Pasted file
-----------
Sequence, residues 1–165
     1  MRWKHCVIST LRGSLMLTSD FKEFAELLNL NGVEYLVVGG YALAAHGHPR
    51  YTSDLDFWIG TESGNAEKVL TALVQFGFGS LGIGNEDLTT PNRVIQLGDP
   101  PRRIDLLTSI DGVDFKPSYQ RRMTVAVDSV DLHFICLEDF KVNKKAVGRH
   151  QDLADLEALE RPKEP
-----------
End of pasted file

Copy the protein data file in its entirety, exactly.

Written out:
Sequence, residues 1–165
     1  MRWKHCVIST LRGSLMLTSD FKEFAELLNL NGVEYLVVGG YALAAHGHPR
    51  YTSDLDFWIG TESGNAEKVL TALVQFGFGS LGIGNEDLTT PNRVIQLGDP
   101  PRRIDLLTSI DGVDFKPSYQ RRMTVAVDSV DLHFICLEDF KVNKKAVGRH
   151  QDLADLEALE RPKEP